Celebrity social media feuds are fuelled by a tendency to conflate fame with relevance, a desire to bolster one’s public image and instantaneous access to platforms for mass communication, all of which amounts to some poorly calculated PR moves and some bafflingly inarticulate 140 character sentences. If you would rather a more literal definition, a celebrity social media feud occurs when one famous person implicitly or explicitly questions the talent and credibility of another famous person in order to assert her/his own superiority. While I usually think of these feuds as the definition of vapid, the recent feud between Nicki Minaj, Taylor Swift et al has been of interest to me because of the number of issues of social relevance that are related to it.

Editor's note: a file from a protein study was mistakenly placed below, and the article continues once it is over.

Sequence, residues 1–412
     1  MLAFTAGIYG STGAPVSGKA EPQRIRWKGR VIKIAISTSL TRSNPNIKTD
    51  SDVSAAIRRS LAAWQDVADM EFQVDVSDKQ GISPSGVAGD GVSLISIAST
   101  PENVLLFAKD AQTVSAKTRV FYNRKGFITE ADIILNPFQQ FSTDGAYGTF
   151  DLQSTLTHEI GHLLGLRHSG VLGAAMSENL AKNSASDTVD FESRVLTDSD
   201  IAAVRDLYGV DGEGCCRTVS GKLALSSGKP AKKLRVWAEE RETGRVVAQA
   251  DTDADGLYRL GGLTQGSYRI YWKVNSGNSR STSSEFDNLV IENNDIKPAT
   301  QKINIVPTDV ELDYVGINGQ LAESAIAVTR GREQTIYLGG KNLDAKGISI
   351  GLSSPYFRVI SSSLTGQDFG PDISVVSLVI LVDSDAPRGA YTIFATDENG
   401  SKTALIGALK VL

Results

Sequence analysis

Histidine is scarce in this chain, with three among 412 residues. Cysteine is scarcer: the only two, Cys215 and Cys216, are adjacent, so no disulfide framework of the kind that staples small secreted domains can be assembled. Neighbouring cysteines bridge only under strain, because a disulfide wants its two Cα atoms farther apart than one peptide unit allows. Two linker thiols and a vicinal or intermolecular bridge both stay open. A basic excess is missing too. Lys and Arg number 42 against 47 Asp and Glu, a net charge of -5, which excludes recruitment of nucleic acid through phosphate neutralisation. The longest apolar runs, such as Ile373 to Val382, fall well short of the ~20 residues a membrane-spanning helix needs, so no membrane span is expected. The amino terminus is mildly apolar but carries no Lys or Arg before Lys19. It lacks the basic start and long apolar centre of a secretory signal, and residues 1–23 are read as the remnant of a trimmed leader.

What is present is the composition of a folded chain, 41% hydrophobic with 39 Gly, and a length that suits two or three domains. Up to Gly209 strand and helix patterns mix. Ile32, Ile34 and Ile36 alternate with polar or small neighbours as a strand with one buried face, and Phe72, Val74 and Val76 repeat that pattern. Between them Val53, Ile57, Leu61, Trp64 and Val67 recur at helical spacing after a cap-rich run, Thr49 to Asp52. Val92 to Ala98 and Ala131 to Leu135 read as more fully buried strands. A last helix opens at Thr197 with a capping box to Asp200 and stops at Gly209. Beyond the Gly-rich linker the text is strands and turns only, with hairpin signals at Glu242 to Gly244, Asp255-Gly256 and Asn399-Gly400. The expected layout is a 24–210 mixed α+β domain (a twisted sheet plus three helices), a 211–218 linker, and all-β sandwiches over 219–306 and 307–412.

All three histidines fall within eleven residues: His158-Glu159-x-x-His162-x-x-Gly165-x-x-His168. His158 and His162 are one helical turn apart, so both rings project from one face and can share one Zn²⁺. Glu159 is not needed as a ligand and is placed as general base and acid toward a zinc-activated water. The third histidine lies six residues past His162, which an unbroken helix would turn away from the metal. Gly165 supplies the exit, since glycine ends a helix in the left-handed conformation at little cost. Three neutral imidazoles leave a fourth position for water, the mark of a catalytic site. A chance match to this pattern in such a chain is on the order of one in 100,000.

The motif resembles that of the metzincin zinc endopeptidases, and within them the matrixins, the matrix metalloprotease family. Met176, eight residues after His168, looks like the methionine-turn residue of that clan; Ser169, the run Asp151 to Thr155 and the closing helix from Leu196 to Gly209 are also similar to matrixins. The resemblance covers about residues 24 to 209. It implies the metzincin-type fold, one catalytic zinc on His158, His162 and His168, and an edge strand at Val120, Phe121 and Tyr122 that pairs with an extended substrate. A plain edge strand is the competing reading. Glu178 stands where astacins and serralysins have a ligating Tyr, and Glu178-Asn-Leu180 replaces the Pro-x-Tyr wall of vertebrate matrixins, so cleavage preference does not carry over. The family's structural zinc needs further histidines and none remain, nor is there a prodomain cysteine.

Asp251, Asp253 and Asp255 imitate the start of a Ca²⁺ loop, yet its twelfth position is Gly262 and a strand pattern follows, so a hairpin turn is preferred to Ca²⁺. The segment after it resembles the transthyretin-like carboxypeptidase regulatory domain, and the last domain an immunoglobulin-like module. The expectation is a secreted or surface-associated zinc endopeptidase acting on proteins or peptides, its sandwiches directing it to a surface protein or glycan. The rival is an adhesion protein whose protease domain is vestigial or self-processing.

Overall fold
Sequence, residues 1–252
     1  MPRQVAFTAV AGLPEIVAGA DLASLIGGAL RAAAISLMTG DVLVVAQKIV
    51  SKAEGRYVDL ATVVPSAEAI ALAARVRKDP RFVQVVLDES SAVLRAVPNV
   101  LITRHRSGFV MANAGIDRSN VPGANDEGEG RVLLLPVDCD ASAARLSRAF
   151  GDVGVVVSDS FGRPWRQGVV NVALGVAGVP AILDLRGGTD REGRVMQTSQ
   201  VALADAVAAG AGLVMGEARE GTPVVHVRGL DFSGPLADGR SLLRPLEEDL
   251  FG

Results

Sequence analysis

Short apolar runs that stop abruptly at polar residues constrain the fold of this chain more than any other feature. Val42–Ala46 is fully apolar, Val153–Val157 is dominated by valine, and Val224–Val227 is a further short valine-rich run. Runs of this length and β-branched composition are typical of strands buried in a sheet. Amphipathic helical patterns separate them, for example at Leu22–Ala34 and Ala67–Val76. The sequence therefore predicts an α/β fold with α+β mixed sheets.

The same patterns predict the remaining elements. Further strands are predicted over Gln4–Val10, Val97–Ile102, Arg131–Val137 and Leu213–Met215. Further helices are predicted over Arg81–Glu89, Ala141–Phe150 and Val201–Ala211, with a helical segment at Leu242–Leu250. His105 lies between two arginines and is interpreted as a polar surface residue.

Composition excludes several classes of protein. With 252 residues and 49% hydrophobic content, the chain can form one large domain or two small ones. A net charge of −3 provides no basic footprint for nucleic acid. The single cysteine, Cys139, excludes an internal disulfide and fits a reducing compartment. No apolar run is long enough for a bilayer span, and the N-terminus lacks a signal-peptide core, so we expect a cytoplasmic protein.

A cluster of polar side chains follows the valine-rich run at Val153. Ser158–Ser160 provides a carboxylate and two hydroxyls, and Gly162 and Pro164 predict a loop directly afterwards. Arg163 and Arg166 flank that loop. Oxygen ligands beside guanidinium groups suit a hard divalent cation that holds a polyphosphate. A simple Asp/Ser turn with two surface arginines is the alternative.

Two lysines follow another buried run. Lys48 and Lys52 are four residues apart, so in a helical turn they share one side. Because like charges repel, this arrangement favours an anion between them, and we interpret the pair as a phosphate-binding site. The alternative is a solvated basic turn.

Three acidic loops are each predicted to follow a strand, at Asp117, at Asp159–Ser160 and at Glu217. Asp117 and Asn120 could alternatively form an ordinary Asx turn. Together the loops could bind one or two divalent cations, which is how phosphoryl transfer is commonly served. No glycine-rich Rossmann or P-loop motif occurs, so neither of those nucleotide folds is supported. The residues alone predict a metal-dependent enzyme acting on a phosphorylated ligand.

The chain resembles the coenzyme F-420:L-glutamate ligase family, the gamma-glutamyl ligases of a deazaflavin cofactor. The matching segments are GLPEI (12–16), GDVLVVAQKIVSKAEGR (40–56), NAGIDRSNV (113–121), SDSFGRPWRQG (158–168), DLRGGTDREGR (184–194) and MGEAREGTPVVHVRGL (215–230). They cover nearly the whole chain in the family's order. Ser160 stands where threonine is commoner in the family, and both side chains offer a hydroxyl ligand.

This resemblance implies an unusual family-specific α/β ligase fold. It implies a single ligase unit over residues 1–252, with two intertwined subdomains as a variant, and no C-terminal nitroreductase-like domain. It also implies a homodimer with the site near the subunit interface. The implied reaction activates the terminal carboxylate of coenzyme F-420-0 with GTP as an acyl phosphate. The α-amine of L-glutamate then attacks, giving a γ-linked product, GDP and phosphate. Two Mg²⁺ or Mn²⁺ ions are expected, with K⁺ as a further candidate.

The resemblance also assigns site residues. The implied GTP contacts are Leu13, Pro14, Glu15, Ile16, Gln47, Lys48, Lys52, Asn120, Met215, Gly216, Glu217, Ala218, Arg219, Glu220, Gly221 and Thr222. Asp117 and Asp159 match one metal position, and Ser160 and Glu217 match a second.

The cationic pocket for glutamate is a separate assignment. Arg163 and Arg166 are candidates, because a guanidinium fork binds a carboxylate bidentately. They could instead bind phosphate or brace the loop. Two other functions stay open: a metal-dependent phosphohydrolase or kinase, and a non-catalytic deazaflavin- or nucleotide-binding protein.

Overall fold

Minaj tweeted her dissatisfaction that her videos for “Anaconda” and “Feeling Myself” have been overlooking for Video of the Year at the MTV’s VMAs. She then tweeted, “If your video celebrates women with very slim bodies, you will be nominated for vid of the year.” Swift took it as an implicit jab about the nomination of her video “Bad Blood” and responded by saying, “I’ve done nothing but love & support you. It’s unlike you to pit women against each other. Maybe one of the men took your slot.” Minaj responded with, “Huh? Didn’t say a word about u” and the people of the internet did what they do best, react and hashtag. Meek Mill accused Drake of having a ghost writer, everyone was either inflamed or apathetic and as Rembert Browne of Grantland said, bloggers had to put on the hat that makes one actually care about these things.